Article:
Joan Miro Le Grand Ordinateur Etching, aquatint and carborundum Painting Mint
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Artist: Joan Miro
Medium: etching, aquatint and carborundum
Title: Le Grand Ordinateur
Size: 39 3/8" " x 25"
Framed: 50 3/8” x 36”
Edition: Limited HC hors commerce impression aside from the edition of 75 includes original listing tag see photos
Condition: The piece is in perfect condition and has been framed with no expense spared.
Includes: Print, framing, gallery certificate of authenticity, shipping, and handling.
“Le Grand Ordinateur” is another masterpiece from the prolific oeuvre of Joan Miro. Created in his mature stage in the late 1960s, this work gives out confidence in style and composition, and highlights the most recognizable traits of the artist’s visual language. Translated as “The Great Computer”, this etching is more conceptual than abstract, clearly referring to the advances in technology that were happening at the time.
As a highly coveted collectable, this print has been made in a limited edition series of 75, and it has been performing excellently. When we look at the auction history, major auction houses have offered this work and achieved prices close to $30K and even over $40K, depending on the period and market situation.
Miro’s printed body of work reached its highest point in late 1960s, after the artist was introduced to carborundum (silicon carbide engraving) technique in 1967. This innovative process is actually an advanced etching technique, which requires the use of an abrasive ground (carborundum) added to the etching plate to create a granulated or textured surface.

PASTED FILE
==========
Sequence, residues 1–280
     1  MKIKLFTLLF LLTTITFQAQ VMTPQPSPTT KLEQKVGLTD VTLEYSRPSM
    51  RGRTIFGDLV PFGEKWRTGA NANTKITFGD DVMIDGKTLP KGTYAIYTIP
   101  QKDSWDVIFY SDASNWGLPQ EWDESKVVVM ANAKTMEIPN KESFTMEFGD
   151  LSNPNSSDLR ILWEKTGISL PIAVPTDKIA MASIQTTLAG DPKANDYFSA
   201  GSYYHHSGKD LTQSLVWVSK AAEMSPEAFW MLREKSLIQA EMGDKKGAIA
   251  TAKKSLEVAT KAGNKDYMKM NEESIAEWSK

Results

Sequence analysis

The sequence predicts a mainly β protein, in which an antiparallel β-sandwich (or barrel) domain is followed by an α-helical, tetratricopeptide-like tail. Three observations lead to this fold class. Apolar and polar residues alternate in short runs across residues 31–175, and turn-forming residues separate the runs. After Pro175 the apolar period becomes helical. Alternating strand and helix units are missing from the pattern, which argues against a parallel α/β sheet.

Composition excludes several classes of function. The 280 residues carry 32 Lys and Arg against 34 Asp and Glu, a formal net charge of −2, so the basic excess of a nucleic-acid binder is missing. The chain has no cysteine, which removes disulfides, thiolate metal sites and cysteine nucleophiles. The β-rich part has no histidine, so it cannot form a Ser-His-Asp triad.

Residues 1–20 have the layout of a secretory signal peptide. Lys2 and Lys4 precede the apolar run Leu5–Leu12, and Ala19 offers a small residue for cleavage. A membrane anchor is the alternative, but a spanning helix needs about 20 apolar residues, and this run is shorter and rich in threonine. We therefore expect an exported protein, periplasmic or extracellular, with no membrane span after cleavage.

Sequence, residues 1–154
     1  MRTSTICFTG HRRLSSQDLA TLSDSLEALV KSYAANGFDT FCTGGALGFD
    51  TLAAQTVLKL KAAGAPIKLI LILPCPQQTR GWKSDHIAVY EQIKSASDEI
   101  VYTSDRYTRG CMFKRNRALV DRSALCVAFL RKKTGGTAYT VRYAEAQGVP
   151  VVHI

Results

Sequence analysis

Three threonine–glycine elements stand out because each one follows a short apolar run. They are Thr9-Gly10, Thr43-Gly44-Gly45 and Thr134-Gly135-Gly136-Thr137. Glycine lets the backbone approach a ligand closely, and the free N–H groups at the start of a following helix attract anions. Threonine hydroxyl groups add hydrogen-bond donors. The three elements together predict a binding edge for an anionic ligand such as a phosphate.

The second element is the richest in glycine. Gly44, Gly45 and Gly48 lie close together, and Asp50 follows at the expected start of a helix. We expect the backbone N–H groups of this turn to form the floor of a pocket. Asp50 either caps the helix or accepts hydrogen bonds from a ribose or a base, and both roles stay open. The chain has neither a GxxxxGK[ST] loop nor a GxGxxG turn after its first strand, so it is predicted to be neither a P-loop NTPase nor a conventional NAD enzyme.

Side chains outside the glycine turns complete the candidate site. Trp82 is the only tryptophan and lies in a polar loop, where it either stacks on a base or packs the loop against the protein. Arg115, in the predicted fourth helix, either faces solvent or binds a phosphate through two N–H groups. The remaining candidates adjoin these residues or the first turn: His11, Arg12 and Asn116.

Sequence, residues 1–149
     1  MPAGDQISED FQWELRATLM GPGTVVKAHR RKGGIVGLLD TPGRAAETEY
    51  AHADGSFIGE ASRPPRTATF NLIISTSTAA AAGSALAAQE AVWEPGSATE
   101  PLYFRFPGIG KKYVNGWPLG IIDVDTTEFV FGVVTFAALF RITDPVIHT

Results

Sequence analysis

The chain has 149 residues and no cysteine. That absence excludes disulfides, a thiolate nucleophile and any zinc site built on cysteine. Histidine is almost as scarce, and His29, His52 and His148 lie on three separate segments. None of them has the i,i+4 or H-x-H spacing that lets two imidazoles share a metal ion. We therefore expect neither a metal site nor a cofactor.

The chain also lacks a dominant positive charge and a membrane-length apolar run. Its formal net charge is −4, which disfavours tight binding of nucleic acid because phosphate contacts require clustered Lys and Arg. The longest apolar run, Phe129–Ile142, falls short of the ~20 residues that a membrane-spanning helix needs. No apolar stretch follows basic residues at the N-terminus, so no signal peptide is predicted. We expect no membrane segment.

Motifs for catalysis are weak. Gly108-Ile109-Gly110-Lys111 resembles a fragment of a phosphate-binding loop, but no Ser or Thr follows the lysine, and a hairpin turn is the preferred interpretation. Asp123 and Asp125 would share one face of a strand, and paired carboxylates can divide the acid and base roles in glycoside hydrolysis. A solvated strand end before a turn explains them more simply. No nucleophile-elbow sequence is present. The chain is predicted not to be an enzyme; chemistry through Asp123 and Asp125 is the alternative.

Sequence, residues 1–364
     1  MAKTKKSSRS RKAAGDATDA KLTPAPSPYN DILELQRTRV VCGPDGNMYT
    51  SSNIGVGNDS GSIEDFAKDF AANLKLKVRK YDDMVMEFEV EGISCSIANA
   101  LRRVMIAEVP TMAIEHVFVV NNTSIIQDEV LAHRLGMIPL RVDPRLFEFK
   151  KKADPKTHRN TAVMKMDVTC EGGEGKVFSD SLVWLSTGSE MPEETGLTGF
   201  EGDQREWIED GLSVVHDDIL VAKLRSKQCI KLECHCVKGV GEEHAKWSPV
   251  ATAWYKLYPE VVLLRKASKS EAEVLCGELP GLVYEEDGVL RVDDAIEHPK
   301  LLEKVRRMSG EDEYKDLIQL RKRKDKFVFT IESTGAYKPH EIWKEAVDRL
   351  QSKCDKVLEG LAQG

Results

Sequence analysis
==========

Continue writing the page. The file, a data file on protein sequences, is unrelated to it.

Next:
Joan Miro found that by combining this new technique with other etching methods, especially aquatint, he could create images to rival any painting, thereby elevating the art of printmaking above mere reproduction. Carborundum prints created from 1967 through 1969 set an unprecedented standard for quality and set the ground for a fruitful printmaking period in Joan Miro’s career.
Museum of Modern Art in New York recognized the progressive nature of this specific series of carborundum prints, dedicating an entire exhibition to them in 1970, titled Joan Miro: Fifty Recent Prints.